Dakota County's leaders and its U.S. representative publicly celebrated the start of work on Cedar Avenue bus rapid transit this week, but in a meeting together afterward, it was clear that Rep. John Kline wasn't about to change his mind about seeking federal funding to help pay for it.
The Lakeville Republican's refusal to go after earmarks, in which federal legislation sets aside money for projects in legislators' home districts, has caused consternation locally as county officials try to secure the remaining $11.9 million needed for the BRT line, as well as other road and transit projects. With a six-year federal transportation bill in the works, Dakota County officials are afraid their projects will be left out.
"How do we position ourselves in this congressional session or the next in terms of making sure the money keeps coming to us to help finish this project?" board chairwoman Kathleen Gaylord asked Kline during the roughly 30 minute meeting on Tuesday.
Kline said he would support giving the project a chance to compete for federal money and would continue to lobby for it on its merits, but he did not pledge financial support.
"I will not earmark," he said. Kline and others criticize earmarks as wasteful and say they are too often doled out based political influence rather than a project's merits.
Earlier, addressing the crowd gathered to celebrate the new bus rapid transit station at 155th Street and Cedar Avenue, Kline said he was an "absolute believer" in the bus rapid transit project, but he also noted that more local money would be needed to complete it.
The station, with its swooping roof and skyway over Cedar Avenue, will be one of the first physical manifestations of the $76 million bus rapid transit project -- touted as light rail on rubber wheels -- that has been years in the planning. The station will be completed in December.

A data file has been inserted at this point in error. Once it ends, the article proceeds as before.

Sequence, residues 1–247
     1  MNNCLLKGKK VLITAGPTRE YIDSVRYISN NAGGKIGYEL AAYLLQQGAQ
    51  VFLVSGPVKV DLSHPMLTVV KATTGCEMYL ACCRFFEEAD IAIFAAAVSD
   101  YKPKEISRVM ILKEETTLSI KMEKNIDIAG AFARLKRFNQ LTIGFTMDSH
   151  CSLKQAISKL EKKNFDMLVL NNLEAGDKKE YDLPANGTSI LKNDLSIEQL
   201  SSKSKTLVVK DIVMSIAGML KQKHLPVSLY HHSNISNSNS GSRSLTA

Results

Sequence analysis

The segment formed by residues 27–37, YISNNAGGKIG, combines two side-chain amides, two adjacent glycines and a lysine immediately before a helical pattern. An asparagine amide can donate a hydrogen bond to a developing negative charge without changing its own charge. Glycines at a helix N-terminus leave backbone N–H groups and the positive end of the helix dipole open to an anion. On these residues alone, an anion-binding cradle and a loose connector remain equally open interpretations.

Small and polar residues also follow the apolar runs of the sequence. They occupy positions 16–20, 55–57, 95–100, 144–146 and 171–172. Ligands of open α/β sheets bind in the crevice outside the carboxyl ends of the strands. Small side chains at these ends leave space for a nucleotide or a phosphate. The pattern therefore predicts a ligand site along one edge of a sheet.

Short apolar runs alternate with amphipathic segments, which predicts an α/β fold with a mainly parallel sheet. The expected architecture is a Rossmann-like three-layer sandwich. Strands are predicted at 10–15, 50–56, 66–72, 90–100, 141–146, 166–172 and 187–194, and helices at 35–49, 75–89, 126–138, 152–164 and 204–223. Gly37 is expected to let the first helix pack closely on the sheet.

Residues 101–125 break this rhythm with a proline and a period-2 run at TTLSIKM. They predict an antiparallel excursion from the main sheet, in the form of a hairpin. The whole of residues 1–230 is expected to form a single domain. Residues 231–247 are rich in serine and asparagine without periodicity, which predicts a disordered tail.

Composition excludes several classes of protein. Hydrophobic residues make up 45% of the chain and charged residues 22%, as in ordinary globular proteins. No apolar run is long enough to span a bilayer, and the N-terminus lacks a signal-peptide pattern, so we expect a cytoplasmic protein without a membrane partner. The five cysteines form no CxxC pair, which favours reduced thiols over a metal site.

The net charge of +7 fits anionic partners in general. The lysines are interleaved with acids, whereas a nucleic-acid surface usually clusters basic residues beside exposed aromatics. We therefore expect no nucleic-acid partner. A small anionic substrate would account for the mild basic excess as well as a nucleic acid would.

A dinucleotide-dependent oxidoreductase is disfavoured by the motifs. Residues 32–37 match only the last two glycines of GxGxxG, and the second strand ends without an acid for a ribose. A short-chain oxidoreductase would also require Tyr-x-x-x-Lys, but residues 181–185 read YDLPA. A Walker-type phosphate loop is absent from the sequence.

The $11.9 million is needed to complete a bus lane from 140th Street in Apple Valley to 181st Street in Lakeville. The county is also seeking the money from the state and, if necessary, will look to a multi-county fund that collects quarter-cent sales tax proceeds.
"We need that. We need that within the next 12 months," Commissioner Will Branning said in the meeting with Kline. "I, as chair of the regional rail [authority], cannot sign contracts unless we've got money in hand."
Kline reiterated his support for the Cedar Avenue project, noting that he had secured money for it before swearing off earmarks in 2007 but said he would not specifically ask for further funding. If there were a way to authorize the project to compete for federal transportation funds without actually earmarking a set amount -- a possibility put forth by county officials that is not yet certain since the language and structure of the six-year transportation bill hasn't been assembled -- he said he would support it.
"It's a very, very good project. I'm sold on the project," Kline said. "I want to see that there's a way the money can flow to this project without engaging in that horrific pork barrel earmarking."
Katie Humphrey • 952-882-9056